The subject of viewing distance emerged as a spin off from a thread in the single lens (LCD, DLP, DILA) projector forum. I began a new topic in the screen forum because I thought this kind of discussion might be more appropriate here than in the thread where the subject arose.
In the other thread, I happened to mention the dimensions of my screen (7' by 14') while discussing a related matter. This prompted Bob Wood to ask how far away from the screen I sit when viewing. As I started to reply, I realized that simply saying 12 to 14 feet without some explanation might seem pretty outrageous in view of SMPTE recommendations. So, Bob, let me try to explain my approach to viewing distance as it has evolved over the years.
First, 7' by 14' is the screen size when the masking curtains are fully open. However, I do not use all of that screen area with my current projector (6 year old Sharp XV80U LCD, w/ VGA res). It's dated technology cannot project a decent quality image THAT large. The screen width is 14' because the approximate distance between my right and left front speakers is 14', and the 7' screen height leaves a 1' space for my center channel speaker below the screen. Since, the room is fully dedicated to the theater, I figured the wall between the speakers wouldn't have any other function anyway, if it wasn't anchoring a screen. So, I ordered the Draper fixed frame with the M2500 material to cover the entire 7' X 14' area. I knew it was too big at the time (1995), but I hoped the future would bring more capable, higher res projectors along with HD video. At that time, I also installed a Makita curtain system so I could mask off whatever portions of the screen I did not want to utilize. This set-up permits any size image and aspect ratio within the parameters of the 7' by 14' fixed screen.
Second, somewhere along the way I read that SMPTE recommended viewing distance was approximately 2.5 times screen height. With that in mind, I began experimenting with various image heights by using the projector's 1.33x zoom function. I found that 2.5 times height seemed a tad small for my tastes---I guess I wanted a little more cinematic impact. Anyway, I finally settled on a picture height of about 64 inches, which puts the nearer seats in my theater too close according to the 2.5x standard. I have since heard differing numbers, so I may have gotten the SMPTE standard wrong in the first place. Regardless, I liked the feel of the image size I had chosen---for me it didn't seem too big. The resulting picture from my 1.33 aspect ratio projector measured 64" by 85".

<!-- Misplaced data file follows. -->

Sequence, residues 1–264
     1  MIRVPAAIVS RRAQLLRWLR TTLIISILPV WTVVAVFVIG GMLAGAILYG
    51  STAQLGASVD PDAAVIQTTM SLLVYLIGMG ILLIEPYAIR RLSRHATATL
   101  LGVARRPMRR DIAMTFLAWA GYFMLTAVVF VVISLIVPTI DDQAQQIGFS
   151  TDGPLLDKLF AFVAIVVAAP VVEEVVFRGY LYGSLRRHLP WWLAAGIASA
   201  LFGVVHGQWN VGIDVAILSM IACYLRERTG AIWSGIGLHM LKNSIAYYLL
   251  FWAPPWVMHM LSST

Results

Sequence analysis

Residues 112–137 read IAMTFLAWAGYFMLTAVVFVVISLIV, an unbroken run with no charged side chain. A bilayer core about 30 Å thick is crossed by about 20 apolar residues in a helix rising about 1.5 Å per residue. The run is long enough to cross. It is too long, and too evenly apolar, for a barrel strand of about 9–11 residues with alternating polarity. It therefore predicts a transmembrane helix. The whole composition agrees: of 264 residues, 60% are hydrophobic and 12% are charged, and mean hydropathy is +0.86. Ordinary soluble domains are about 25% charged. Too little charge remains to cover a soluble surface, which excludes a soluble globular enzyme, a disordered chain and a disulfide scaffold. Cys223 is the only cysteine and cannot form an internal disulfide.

Third, it wasn't long until I was wanting to maintain the 64" height when watching widescreen movies (1.85, 2.35, etc). To achieve this constant height, variable width approach, the projector's zoom was my only tool for several years. Then came DVD with its anamoprhic capabilities, followed eventually by the ISCO anamorphic lens (introduced to me through AVS forums). These two developments have made it possible for me to maintain image height while expanding the width to fill as much of my 14'screen as I dare. The limited video quality produced by the gear I now have causes me to prefer a width of no more than about 11.5 feet on 2.35 ratio material (55" by 138" with the ISCO). Not quite where I want to be, but anything larger shows too many of the weaknesses in my aging projector and in NTSC video itself.
Fourth, my experimentations along the way suggested to me that picture height, much more than width, was the factor which determined whether a particular image seemed too large. In other words, expanding the width of a fixed height image could add much cinematic impact without overwhelming the viewer. However, when the height is expanded too much (subject to individual tastes), the picture starts to feel overwhelming, i. e., uncomfortably large, regardless of width.
For me, a 64" height in any aspect ratio remains comfortable at viewing distances of 12 to 14 feet. All of this, of course, is just personal preference---you remember the crazy kid who always liked to sit on the first row of the local Bijou...yeah, it was me. http://www.avsforum.com/ubb/wink.gif
Fifth, none of this big screen size/viewing distance talk is very helpful if the video quality is not up to the challenge of cinematically large images. I am encouraged that the new projectors, processors, and high definition video sources I always hoped for are in development or starting to become reality. I wish I knew how much longer it will take to get HD DVD for instance; but, as usual, my crystal ball is fogged over. Before TOO long, though, I believe we will have affordable video technology capable of a stunning widescreen display on larger screens than we ever thought possible. It can't happen soon enough for me!
Well, Bob, I have given an overly long answer to a very short question, I know. Probably still left out something, despite my long windedness. In any event, I hope I have been clear enough for you to see where I came from and where I want to go with respect to image size and viewing distance. Very little of this may apply to anyone else, but the quest has sure been fun for me.
Have fun! http://www.avsforum.com/ubb/smile.gif